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90 CONSTANCY MISPLACED.
•The Pastor Replied: " Dear Elise, I Wil...
Parsonages are generally ... renowned for their hospitality ; the reproach which is sometimes with considerable justice cast ation upon
the social life in southern Germany , that the hours of recre are separately spent by the men in public-houses , and by their wives in visiting , does not at all apply to the state of society in the
country , and there the families keep up social intercourse in the pleasantest had manner often when , and he Stern was , a Yicar who g looked ladly forward conformed to the to these time
when usages he , should have a , home of his own , and be able to dispense hosp As italit soon y as to possible his friends he . had introduced his beautiful young wife
to his neighbours , happy in the thought that they would admire his choicebut unfortunately Elise ' s reputation for learning and
eccentricity ; had preceded her , and was a great hindrance to her popularity . It was the general custom in the little reunions of
tinct the place parties that , the but men by degrees and women the began talk proceeded their conversation to matters in dis of
general interest , and the conversation became general , receiving depth and earnestness from the men , and life and animation from
the other sex . On the evening of Elise's first introduction , howeveran unusual constraint prevailed ; the men fancied themselves called , to converse in a specially sensible mannerand lost
their self upon -possession in consequence ; the ladies waited , in vain to hear something instructive from the learned wife of their Pastor ,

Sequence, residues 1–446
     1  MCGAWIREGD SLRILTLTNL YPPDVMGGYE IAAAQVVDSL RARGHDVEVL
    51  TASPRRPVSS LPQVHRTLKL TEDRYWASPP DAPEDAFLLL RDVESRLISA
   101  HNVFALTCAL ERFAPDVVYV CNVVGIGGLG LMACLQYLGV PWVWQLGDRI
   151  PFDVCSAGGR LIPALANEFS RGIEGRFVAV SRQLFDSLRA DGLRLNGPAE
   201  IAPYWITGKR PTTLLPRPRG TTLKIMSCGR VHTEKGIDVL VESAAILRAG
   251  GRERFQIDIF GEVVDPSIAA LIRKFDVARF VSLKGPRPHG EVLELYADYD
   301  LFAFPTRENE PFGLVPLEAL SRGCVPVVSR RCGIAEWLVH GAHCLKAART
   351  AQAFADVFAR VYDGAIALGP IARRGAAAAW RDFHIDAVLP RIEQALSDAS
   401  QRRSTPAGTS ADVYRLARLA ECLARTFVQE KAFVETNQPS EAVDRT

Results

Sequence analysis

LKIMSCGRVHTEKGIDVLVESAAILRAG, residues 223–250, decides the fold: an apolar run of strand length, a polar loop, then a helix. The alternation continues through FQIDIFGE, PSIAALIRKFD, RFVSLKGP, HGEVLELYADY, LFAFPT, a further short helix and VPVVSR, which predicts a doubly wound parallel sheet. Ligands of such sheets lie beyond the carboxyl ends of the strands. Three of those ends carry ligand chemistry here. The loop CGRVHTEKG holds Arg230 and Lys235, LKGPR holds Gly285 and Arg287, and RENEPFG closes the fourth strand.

but at last put an end to the awkward pause by conversing about the matters which concerned them most , till by degrees their
enthusiasm increased , and they forgot the learned lady . The men kept themselves artand accidentally fell into conversation of an
exceedingly practical ap nat , ure . To the mortification of the Pastor , his wife became more and more silent , and was soon left quite
unheeded in the animated circle around her : he became uncomfortable himself where formerly he used to feel so much at home . He
proposed to leave very early ; Elise was ready to go ; they walked home in silence till the wife began _; " I cannot understand how
you spend can the find whole enj afternoon oyment in in such discussing company the , where tax upon the grain men , and can
the women have no ideas beyond hemp and flax . " " I assure you this is not always the case ; we have sometimes very profitable and
intellectual conversations , but it is necessary at times to speak of such practical mattersand they often lead the way to discourse
, upon higher at subjects home ; you must are often yourself have the heard daug conversations hter of a villag like e ?
parsonage this . _" " At ; home I you always took the liberty to withdraw from such trifling societyand I will do the same here in future . "
" Would it not be mor , e friendly to enter into such conversation , do
not and feel then myself to try called and g to ive the it office a hig of her a reformer tone ? " ; " I Thank like bett you er , to I be
90 Constancy Misplaced.
90 CONSTANCY MISPLACED .
English Woman’s Journal (1858-1864), April 1, 1863, page 90, in the Nineteenth-Century Serials Edition (2008; 2018) ncse.ac.uk/periodicals/ewj/issues/ewj_01041863/page/18/